Day two was the absolute worst. The queue itself didn’t seem so long. However, I failed to discount cultural differences in personal space. Meaning, the distance of the line is not necessarily directly correlated with the amount of people. Place said line in a 10x15 foot room with no air conditioning with only two of the five windows processing cards and you have my idea of hell. I had thought of sending someone to stand in my place, but by this time I figured I might as well have the whole horrible experience. It’s a wonder I never learn.

I stood in line behind a nice lady with a red dress (Martha) and a young man (Marcus). The process was going like this: one had to show their receipt at the window, get your prints verified, and then go wait outside while they printed your card. When it was ready, they yelled out your name and handed it back through the queue, effectively negating the point of taking your finger prints. Hilarious.  

Two hours later, when there was twenty-five people ahead of me, the system went down. Then they ran out of cards.  After a while it was tough to know what exactly the problem was, as everything being shouted was in Chichewa.  The one thing I did know was I was hungry, thirsty and had to go to the bathroom all at once. My tongue began to feel thick and my head ached.

Around hour three, a savior emerged. A new window opened right in front of me, Martha and Marcus. Upon a few words from Martha, he quietly processed our fingerprints and we shoved our way back out the door to the sidewalk. Triumphant, exhausted, dehydrated, we split some tangerines from a roadside vendor and waited for our names to be called. Two days, 6.5 hours later, I had my card.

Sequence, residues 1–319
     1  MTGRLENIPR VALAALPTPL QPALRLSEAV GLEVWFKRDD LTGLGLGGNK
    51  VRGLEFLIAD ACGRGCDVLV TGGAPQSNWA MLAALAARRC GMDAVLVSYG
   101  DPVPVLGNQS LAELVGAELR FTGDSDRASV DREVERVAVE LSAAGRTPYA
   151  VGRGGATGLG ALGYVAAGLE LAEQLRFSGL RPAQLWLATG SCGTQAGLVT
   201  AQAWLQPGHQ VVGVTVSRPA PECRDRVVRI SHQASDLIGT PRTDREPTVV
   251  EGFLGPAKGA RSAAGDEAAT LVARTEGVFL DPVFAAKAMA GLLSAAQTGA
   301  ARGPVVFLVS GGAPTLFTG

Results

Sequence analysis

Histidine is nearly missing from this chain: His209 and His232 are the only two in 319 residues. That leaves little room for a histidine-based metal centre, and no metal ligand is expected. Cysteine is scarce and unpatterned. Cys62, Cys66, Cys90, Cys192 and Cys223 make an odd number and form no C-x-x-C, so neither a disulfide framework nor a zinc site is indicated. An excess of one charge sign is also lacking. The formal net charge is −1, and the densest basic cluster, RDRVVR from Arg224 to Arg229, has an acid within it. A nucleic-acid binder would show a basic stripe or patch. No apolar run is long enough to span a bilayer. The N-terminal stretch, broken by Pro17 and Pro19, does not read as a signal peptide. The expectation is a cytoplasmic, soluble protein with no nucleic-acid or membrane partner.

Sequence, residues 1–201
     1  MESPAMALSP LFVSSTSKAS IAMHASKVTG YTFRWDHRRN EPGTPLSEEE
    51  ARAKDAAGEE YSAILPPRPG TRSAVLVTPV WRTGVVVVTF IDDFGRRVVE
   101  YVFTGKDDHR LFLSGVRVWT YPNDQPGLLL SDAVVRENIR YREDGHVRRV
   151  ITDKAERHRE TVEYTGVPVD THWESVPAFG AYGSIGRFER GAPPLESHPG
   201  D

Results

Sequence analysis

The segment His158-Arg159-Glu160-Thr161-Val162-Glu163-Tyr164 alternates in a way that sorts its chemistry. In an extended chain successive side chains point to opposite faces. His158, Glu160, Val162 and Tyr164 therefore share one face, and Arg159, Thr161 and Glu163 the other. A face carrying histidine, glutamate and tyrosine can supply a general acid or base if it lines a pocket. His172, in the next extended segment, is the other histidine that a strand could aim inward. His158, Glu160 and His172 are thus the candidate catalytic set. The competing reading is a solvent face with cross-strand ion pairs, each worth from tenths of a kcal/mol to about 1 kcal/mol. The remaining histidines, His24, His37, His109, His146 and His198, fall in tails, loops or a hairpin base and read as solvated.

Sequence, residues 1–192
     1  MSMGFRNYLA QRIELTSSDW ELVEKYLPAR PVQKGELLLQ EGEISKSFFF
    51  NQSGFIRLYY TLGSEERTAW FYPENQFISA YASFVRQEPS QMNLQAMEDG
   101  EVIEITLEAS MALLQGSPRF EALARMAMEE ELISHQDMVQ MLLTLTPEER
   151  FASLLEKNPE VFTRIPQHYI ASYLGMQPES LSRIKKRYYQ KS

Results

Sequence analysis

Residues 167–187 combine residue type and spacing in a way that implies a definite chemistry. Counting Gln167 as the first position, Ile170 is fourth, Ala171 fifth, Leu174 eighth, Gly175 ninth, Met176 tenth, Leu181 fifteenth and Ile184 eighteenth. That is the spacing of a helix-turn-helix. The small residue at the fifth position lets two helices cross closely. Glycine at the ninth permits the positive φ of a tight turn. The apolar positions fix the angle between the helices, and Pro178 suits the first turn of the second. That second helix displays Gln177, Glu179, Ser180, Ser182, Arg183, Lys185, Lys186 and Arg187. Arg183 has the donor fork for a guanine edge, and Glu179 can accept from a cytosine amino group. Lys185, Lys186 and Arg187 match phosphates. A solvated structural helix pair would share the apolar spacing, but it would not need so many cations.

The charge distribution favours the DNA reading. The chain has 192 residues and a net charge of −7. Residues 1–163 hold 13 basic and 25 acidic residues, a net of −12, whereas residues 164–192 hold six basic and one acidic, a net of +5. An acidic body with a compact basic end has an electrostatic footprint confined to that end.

I’m still not sure if I accomplished anything, but as it turns out, there is a direct correlation between the degree of difficulty and feeling pride. Many people decry African bureaucracy and claim that standing in line is a Malawian past-time. But Malawians aren’t any different than Americans when it comes to queueing and let’s face it, DMV’s are suck holes anywhere on earth. Some people were angry, some were patient. Some cheated the system, others waited for their appointed turn. In the end, I think it ws a fitting way to leave Malawi: on its own terms. I sold my car, transferred the title, and feel like I have paid my bureaucratic dues. 

Time to go home.  

Sunday, June 07, 2015

Honor Among Thieves: A Review

Third in a series (including one prequel) by blogger and development professional, J., Honor Among Thieves, more than any of the others, delves into the day to day life of the development industry. The protagonist, Mary-Anne, has found her way from the horn of Africa to World Aid Corps (WAC) headquarters in Washington DC, as director of global programs. She’s left to the wolves of political whimsy as WAC fights to distinguish itself from a sea of bigger development organizations.